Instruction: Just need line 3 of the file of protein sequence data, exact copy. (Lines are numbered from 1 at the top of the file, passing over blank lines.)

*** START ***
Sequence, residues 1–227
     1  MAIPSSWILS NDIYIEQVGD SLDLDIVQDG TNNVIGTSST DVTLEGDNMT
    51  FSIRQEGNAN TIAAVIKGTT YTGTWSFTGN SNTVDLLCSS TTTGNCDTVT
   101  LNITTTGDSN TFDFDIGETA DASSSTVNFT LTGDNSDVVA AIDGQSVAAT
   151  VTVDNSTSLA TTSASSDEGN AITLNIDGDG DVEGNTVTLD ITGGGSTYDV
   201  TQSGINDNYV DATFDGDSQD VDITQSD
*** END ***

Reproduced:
    51  FSIRQEGNAN TIAAVIKGTT YTGTWSFTGN SNTVDLLCSS TTTGNCDTVT